Why would three American teenage girls from Denver try to join ISIS?
We asked Mubin Shaikh, a former jihadist, to offer context – and he says the answer is a mix of a search for identity, adventure and a false sense of reality.
"You reinforce in yourself this idea that you can participate in something far greater than your mundane existence at home," Shaikh told CNN's Michaela Pereira.
Shaikh now works for Canada's intelligence service but says he can offer perspective on these teens because he once was a young Muslim who came to the edge of extremism.
He was brought back by a support network of parents, friends and religious elders.
"It will take a holistic effort and it can't be done by coercive forces," to reach vulnerable people who may consider extremism, Shaikh said.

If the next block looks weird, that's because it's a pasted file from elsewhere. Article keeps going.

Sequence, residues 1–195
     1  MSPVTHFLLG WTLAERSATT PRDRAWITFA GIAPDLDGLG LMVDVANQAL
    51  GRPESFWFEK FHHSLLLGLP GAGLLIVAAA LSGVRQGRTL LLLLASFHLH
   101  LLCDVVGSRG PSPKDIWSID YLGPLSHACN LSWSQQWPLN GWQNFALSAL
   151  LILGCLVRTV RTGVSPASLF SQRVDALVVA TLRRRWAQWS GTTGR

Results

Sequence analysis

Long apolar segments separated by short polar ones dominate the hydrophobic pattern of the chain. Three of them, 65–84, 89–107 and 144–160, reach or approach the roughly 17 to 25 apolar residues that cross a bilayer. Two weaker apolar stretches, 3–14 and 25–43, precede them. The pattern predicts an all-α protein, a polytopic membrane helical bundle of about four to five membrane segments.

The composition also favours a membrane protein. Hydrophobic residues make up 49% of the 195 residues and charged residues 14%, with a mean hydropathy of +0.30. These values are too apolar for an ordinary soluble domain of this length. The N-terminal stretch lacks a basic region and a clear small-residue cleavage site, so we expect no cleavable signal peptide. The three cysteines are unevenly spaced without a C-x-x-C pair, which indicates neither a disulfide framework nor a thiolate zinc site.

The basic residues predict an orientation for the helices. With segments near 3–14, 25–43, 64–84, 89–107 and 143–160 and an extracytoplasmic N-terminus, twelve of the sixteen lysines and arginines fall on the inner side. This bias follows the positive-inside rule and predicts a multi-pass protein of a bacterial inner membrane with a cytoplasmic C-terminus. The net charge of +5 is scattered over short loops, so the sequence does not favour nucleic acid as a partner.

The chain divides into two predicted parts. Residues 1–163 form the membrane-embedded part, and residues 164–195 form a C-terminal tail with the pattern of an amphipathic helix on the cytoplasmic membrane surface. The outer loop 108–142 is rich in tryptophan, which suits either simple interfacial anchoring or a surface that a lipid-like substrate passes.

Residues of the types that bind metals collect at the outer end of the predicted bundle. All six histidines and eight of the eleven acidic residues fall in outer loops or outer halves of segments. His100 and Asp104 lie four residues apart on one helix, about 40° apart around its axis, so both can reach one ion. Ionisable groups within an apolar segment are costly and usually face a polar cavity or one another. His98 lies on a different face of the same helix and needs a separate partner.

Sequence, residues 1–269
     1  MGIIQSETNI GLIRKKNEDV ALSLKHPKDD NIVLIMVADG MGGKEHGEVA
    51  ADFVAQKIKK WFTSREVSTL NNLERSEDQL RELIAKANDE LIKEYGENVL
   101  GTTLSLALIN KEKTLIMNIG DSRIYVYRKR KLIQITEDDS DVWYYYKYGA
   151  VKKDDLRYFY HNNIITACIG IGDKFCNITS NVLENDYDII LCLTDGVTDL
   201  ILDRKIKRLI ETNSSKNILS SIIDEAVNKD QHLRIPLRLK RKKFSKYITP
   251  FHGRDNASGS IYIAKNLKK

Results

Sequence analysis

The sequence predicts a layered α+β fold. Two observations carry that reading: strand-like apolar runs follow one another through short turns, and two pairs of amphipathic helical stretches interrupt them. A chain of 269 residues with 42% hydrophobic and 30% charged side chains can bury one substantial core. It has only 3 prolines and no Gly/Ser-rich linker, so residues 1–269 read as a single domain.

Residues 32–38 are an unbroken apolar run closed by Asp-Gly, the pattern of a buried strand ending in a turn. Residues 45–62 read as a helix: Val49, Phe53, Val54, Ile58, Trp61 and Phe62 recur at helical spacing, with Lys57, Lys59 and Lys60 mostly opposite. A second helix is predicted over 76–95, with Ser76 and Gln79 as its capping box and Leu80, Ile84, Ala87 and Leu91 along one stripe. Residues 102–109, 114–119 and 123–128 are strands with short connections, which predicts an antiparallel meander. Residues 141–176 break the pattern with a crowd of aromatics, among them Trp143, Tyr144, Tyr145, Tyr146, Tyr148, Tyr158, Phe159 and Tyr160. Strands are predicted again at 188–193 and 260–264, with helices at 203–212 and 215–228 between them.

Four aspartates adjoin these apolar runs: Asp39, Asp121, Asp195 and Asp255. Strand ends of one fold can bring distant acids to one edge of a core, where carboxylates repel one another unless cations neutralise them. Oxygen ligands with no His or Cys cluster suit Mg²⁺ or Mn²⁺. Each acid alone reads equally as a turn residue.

In this Denver case, two families called the FBI and the teens were intercepted in Germany.
"It's better that your kid get arrested or at least talked to than be used as a sex slave," Shaikh said.
"A lot of them are living in a fantasy world and just don't understand what awaits them on the other side."
After five months of detention in North Korea, Jeffrey Fowle arrived home in Ohio early Wednesday for an emotional reunion with his family.
Stepping off the plane at Wright-Patterson Air Force Base and onto the tarmac, he was embraced by family members, including his three children.
"It's a good sign that the North Koreans released this man unconditionally," former U.S. Ambassador to the United Nations Bill Richardson told CNN's "New Day." "They usually demand a price."
Richardson has helped negotiate the release of prisoners in the past, including from North Korea.
Pyongyang's move is "a signal to the U.S. that says, 'All right, let's start talking,' " and perhaps restart nuclear negotiations, he said.
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